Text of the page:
After everyone in the class had made their suggestions, the professor walked to the chalkboard. He drew out a diagram on the board and said, “Leonard, you don’t have one chapter here. What you have is five or six chapters.” In a matter of minutes he mapped out the five potentialchapters. I feverishly wrote down his suggestions. The best part was that something unique had clicked for me. The fog lifted. And I suddenly visualized my characters, their uniqueness, and their voices became audible in my head.
Eventually, Predators of Darkness: Aftermath grew into 340 pages, and there are four complete novels in the series.Book 5 will be released in May or June. Had I not written down that first sentence, would the series have everoccurred? After all, I didn’t have a plot or any characters.All I had was the one sentence. I never imagined the opening sentence would spawn five more novels afterwards (I’m working on the sixth book), which is why I suggest that writers follow their muse, carry notebooks, and don’t get chained to an outline. If a character takes an unexpected turn into a dark alley, don’t stop him/her. Follow.
A couple of years ago I published Devils Den. Due to the characters in the fantasy realm of the novel, I thought that writing a novella backstory would be a good idea.However, my muse had a much different idea.
The fantasy characters in Devils Den I’ve known—in my mind, at least—for more than twenty years. The first novel I attempted to write had been based on these characters, but the plot was too weak to develop, so I killed the story. But the characters never died. They didn’t speak a lot, but they were there in the back of my mind, maturing and waiting.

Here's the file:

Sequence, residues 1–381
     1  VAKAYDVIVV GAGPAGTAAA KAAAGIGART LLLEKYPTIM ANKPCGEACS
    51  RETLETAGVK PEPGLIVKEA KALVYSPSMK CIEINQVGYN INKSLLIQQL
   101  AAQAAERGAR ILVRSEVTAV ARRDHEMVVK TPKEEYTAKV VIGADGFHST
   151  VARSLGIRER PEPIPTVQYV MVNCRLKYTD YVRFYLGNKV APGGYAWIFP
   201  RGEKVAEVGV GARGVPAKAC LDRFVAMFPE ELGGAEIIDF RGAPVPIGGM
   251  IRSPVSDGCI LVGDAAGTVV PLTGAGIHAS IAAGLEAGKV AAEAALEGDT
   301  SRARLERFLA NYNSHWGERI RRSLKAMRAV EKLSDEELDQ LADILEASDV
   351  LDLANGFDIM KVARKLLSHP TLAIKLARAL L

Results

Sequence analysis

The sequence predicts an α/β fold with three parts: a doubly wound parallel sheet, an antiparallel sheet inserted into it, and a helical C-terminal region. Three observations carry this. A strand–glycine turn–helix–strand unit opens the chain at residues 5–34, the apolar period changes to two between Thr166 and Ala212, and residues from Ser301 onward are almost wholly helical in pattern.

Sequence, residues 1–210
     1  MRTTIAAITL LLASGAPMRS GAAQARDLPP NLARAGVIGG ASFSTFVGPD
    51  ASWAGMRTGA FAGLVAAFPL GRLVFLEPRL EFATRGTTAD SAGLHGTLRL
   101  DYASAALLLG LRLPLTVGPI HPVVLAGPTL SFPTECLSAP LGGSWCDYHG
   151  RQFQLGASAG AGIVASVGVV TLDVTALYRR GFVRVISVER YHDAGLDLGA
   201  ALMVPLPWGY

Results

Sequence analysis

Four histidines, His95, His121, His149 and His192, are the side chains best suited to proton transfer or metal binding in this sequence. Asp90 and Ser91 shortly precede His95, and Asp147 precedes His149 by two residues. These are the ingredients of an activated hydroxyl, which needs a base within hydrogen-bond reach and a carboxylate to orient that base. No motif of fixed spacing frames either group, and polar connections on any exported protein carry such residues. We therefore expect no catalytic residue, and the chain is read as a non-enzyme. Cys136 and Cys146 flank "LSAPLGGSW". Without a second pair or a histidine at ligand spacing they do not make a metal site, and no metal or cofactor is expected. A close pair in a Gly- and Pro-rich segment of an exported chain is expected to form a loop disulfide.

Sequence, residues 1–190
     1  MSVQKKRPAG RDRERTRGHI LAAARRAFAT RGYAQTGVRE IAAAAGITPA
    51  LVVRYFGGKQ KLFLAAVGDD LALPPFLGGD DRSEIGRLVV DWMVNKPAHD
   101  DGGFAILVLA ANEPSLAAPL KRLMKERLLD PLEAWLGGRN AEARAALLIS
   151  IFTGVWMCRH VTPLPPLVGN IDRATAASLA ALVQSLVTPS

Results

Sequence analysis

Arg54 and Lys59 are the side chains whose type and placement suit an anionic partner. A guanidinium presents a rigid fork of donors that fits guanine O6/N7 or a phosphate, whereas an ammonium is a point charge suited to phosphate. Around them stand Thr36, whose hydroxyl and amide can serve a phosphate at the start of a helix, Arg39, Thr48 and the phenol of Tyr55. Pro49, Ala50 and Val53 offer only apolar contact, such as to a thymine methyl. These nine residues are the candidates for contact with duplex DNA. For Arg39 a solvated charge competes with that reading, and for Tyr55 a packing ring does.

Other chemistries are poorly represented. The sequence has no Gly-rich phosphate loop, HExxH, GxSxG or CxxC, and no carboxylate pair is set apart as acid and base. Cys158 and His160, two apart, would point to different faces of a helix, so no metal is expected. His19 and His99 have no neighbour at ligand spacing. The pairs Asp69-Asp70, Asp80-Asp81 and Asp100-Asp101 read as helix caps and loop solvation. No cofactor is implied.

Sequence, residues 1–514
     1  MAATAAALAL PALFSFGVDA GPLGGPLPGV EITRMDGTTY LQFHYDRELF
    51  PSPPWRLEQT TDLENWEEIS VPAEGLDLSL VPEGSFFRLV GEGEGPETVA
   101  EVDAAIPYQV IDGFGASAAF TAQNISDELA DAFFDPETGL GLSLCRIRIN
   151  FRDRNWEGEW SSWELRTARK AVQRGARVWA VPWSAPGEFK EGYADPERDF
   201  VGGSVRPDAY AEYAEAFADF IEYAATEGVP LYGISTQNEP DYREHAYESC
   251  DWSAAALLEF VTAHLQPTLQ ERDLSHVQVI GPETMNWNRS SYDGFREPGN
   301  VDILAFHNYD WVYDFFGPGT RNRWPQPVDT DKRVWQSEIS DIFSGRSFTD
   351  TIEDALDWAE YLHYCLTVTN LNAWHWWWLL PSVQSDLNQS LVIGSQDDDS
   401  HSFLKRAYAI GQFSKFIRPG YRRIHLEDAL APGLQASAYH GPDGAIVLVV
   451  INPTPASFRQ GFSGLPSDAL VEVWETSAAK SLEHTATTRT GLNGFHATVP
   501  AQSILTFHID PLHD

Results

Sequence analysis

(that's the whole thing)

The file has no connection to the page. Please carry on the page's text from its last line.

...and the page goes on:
As I started the “Prequel” for Devils Den, something strange occurred. The characters wanted their voices to be heard, and they weren’t shy about letting me know. What I thought would be 40-50,000 words, came to life on a much larger scale. Twenty years of maturing in my mind, the characters suddenly brought their world to life. The plotlines are endless.
The new novel ended up as a 148,000 word epic fantasy novel, Shawndirea [Book One of The Chronicles of Aetheaon]. Since the events in this novel are twenty years prior to Devils Den, and so much occurs between the two, the new book has become the first book in its own series.This past January, Lady Squire [Book Two of The Chronicles of Aetheaon] was released (200,000 words).
Oddly, following my muse with Shawndirea (a fairy)opened up new doors I had never imagined possible at that time in my writing career. The novel stayed in the Top 100 Paid Fantasy novels for over ten weeks in 2014. The neatest thing was seeing the book beside R.A. Salvatore and Terry Pratchett in the list. Writers I’ve always held in high esteem. Plus, the success of Shawndirea qualified me to become a member of The Science Fiction and Fantasy Writers Association. I guess fairies ARE magical.
So, you see, my muse took me in a different direction and definitely further than the novella I had planned. Most often my muse knows more than I do, so I follow, take notes, and I write down what I hear and see. If there’s a better formula than that, I don’t know it.